Newsroom Article

IDEA Disciplinary Removal Protections Don’t Apply to Students Excluded from School Due to Head Lice

Do the disciplinary removal provisions of the IDEA and its accompanying regulations apply to a student's medical exclusion from school because of head lice?

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In Souderton Area School District v. Elisabeth S. 820 A.2d 863 (2003), the Pennsylvania Commonwealth Court was asked to determine whether the disciplinary removal provisions of the IDEA and its accompanying regulations apply to a student’s medical exclusion from school because of head lice. The Pennsylvania Commonwealth Court finally has enunciated what we have believed to be true all along, that the IDEA’s disciplinary removal protections do not apply to an exclusion from school due to a medical condition.

The student in this case was eligible for services under the IDEA pursuant to a classification of mental retardation.  She entered school in the district in January of 2002. 

Between January 18, 2002 and March 19, 2002, she missed approximately nineteen days of school when she was sent home, was absent, or was kept in the nurse’s office due to the presence of pediculosis capitis (head lice).  The Pennsylvania Department of Health regulations require that a child afflicted with a head lice infestation be excluded from other children, with readmission to be determined by a school nurse upon reexamination.  28 Pa. Code §27.71.

The parents of the student requested a due process hearing and contended, among other things, that the district improperly denied the student entrance to school between January and March of 2002.  The Hearing Officer refused to award compensatory education services to the student during the period of exclusion due to head lice, and the parents appealed the decision to the Special Education Appeals Panel. 

The Appeals Panel held that the removal from school constituted a “removal” pursuant to 34 C.F.R. §§ 300.121(d) and 300.520(a)(1)(ii). (references to the regulations are from IDEA 1997; corresponding IDEA 2004 regulations are 34 C.F.R. §§ 300.530(d)(1) and 300.530(b)(2).) These sections discuss the provision of FAPE to students suspended and expelled from school.  Generally, these provisions state that if a child with disabilities is removed from his or her current placement for more than ten days, the school district must provide services to the extent necessary for the child to appropriately progress in the general curriculum and appropriately advance toward achieving IEP goals.  Based upon these provisions, the Appeals Panel ordered compensatory education services for any days missed in excess of ten days, and the district appealed the determination to the Commonwealth Court.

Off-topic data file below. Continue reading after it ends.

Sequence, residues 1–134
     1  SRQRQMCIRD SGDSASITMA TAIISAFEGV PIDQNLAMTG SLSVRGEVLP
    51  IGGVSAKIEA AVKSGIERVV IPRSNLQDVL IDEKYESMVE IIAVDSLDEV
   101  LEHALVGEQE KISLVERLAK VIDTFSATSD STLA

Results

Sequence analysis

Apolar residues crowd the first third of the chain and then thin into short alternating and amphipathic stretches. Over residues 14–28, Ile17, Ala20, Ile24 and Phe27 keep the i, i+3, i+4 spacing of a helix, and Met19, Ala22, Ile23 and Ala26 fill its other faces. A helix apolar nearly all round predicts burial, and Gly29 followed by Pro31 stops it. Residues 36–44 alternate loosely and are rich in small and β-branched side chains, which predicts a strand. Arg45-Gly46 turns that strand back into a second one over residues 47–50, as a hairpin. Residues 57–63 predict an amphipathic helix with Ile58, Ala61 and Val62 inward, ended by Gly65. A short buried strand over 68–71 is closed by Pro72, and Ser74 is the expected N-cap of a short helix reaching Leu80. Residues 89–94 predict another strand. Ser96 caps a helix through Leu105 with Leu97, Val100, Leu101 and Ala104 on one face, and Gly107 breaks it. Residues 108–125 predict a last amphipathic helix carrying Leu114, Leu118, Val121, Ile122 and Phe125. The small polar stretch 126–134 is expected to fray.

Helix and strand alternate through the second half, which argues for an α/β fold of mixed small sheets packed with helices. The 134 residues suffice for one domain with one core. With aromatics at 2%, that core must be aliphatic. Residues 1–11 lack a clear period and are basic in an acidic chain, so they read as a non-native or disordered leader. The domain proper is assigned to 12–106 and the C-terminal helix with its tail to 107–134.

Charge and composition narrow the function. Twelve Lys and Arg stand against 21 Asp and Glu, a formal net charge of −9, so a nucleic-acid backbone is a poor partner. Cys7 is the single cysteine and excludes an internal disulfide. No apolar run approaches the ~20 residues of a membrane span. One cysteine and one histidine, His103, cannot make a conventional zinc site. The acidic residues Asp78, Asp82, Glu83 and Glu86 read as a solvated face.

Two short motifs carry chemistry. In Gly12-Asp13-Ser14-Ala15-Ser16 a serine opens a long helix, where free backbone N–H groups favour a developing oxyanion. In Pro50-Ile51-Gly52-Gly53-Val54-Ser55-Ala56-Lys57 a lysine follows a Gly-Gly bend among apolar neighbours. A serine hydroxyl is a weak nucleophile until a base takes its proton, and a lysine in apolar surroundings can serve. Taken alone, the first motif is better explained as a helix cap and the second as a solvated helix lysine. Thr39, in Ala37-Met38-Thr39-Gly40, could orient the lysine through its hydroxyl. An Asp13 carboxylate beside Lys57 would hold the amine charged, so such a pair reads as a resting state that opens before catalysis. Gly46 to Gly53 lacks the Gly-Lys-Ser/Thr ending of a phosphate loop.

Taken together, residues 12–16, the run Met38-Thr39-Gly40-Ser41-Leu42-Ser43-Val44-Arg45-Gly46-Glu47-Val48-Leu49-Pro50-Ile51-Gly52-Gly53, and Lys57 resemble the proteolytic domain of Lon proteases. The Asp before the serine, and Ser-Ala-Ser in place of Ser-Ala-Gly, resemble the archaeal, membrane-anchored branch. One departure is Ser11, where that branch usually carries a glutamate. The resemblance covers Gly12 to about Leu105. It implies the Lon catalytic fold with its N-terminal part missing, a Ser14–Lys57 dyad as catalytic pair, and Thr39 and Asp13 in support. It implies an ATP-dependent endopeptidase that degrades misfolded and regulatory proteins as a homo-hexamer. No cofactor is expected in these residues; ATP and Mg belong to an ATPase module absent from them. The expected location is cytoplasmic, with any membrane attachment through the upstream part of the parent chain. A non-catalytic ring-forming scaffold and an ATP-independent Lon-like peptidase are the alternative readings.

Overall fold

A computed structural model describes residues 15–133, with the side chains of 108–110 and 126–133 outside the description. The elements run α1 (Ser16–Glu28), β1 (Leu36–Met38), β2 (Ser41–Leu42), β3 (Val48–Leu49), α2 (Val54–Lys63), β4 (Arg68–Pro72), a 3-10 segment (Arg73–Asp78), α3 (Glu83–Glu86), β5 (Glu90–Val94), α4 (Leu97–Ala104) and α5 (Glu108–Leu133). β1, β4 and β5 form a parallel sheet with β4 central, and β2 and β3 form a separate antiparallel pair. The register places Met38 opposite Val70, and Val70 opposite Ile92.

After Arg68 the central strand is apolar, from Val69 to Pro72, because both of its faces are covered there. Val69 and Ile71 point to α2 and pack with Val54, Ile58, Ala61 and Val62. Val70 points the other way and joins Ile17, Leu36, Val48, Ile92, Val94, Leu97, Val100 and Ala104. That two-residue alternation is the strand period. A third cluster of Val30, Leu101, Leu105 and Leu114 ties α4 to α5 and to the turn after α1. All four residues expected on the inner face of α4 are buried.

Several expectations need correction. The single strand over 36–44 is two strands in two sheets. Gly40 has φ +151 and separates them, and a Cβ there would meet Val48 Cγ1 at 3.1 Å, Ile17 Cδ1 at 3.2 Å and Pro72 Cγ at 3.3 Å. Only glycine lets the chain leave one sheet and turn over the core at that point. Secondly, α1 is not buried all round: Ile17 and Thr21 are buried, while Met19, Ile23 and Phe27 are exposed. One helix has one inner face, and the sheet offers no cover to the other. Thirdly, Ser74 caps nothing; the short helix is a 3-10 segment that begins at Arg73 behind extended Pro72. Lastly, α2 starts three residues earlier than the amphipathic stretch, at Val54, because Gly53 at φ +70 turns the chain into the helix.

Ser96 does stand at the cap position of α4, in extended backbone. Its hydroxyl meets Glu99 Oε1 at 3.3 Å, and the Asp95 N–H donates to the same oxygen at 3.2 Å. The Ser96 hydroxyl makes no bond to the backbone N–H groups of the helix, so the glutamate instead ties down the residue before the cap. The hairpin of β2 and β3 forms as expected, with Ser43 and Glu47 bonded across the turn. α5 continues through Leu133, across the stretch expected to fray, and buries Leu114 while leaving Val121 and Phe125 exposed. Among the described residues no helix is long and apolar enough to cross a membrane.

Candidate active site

The Commonwealth Court held that nowhere in the provisions relied upon by the Appeals Panel is there any mention that the provisions apply to a child’s absence or exclusion from school due to a medical condition.  Rather, the provisions relied upon refer specifically to exclusions resulting from suspensions and expulsions, and this student was not suspended or expelled.  Consequently, the Commonwealth Court concluded that the Appeals Panel erred in determining that compensatory education services were owed as a result of a medical exclusion from school.

The Commonwealth Court’s decision is important because it distinguishes clear medical exclusions from disciplinary exclusions and clarifies that school districts are not obligated to provide FAPE during exclusions related solely to medical reasons and which are unrelated to the child’s IDEA disability.

Clients who have questions regarding issues discussed in this article, or any education law matter, should feel free to call us at 215-345-9111.